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Communication incl. Poster: BibTeX citation key:  Jouanno
Jouanno, J., Marin, F., Du Penhoat, Y., Molines, J.-M. & Sheinbaum, J. 2010. Seasonal heat balance in the upper 100 m of the Tropical Atlantic Ocean. Work presented at Atelier AMMA France 2010.
Added by: Fanny Lefebvre 2010-11-08 18:58:17
Categories: General
Creators: Jouanno, Marin, Molines, Du Penhoat, Sheinbaum
Publisher: African Monsoon Multidisciplinary Analyses
Collection: Atelier AMMA France 2010

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The variability of Sea Surface Temperature (SST) in the Tropical Atlantic is characterized by a strong cooling during May-June and a secondary cooling during November-December. We investigate the mechanisms which drive this SST seasonal cycle. A numerical simulation of the Tropical Atlantic is used to diagnose the different contributions to the temperature trends in the upper 100 m. The simulation reproduces adequately the seasonal cycle of equatorial SST. During both cooling events the coolest temperatures are found in the center of the basin, between 20W and 10W. Results indicate that this is due to enhanced diapycnal heat flux in this region. This is somehow counter intuitive since thermocline and Equatorial Under Current (EUC) are much shallow in the eastern part of the basin. We explain that by 1) a strong vertical shear at the upper bound of the EUC in the center of the basin (where the EUC is shallow and still energetic) and 2) a strong stratification in the eastern basin, due to the presence of warm and low saline surface waters, which limits vertical mixing to the upper 20 m depth and disconnects the surface to subsurface dynamics.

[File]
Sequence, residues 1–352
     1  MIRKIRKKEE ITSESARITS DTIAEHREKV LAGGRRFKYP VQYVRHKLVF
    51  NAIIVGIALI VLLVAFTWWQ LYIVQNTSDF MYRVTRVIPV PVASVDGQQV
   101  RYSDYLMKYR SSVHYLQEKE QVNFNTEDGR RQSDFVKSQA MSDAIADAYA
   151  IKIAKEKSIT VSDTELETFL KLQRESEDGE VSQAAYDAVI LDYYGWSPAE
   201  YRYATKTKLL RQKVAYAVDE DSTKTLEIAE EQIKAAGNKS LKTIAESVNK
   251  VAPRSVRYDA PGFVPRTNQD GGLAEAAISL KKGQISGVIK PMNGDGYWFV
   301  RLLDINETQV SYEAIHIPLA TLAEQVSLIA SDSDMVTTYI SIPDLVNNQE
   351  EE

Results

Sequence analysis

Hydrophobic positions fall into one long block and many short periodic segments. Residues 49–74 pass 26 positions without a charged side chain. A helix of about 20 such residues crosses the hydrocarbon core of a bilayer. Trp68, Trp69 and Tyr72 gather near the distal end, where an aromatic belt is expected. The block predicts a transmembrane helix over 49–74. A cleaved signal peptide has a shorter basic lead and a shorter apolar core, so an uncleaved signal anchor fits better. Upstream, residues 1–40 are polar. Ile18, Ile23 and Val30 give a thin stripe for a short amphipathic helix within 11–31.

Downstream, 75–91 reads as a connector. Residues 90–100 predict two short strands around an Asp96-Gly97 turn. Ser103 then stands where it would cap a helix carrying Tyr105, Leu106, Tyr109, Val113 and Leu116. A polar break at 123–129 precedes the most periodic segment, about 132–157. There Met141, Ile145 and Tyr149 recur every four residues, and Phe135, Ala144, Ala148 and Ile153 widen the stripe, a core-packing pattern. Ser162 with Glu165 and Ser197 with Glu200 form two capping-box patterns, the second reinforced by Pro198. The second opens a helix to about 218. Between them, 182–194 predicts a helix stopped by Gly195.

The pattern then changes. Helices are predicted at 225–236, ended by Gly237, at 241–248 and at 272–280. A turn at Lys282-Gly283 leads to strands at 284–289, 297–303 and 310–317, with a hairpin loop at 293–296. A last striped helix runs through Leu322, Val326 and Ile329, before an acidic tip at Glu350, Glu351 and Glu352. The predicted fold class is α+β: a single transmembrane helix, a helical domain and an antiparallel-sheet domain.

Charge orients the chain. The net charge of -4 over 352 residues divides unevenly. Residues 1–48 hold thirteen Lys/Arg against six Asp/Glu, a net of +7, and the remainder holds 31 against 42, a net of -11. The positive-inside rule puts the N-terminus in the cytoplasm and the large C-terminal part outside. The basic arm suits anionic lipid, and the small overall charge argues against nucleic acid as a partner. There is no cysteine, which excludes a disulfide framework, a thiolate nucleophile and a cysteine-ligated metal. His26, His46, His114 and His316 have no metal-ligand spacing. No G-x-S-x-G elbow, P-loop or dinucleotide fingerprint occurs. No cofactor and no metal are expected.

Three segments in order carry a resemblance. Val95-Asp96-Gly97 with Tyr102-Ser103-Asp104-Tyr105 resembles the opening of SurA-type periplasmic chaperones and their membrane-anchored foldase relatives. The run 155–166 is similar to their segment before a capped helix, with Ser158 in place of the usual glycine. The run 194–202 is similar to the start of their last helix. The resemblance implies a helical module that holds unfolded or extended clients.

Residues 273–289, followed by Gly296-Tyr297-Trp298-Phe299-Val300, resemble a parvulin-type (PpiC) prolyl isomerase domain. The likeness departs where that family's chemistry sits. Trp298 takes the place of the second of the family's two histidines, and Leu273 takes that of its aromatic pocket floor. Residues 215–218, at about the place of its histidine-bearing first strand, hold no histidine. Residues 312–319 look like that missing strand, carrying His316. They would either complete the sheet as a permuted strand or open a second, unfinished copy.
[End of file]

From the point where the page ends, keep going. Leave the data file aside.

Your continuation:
Diapycnal heat flux in the center of the basin exhibits a strong semi-annual cycle with two peaks of same intensity. During the first peak, in May-June, vertical mixing drives the SST while during the second peak, in November-December, the atmosphere strongly acts to damp the cooling, resulting in an effective cooling of SST much more weaker than during summer. At seasonal scale, the timing of both cooling events is closely linked to the enhancement of the vertical shear at the upper bound of the EUC. For both seasons this shear appears to be driven not by the strength of the EUC but by the strength and depth of the surface westward current.
Added by: Fanny Lefebvre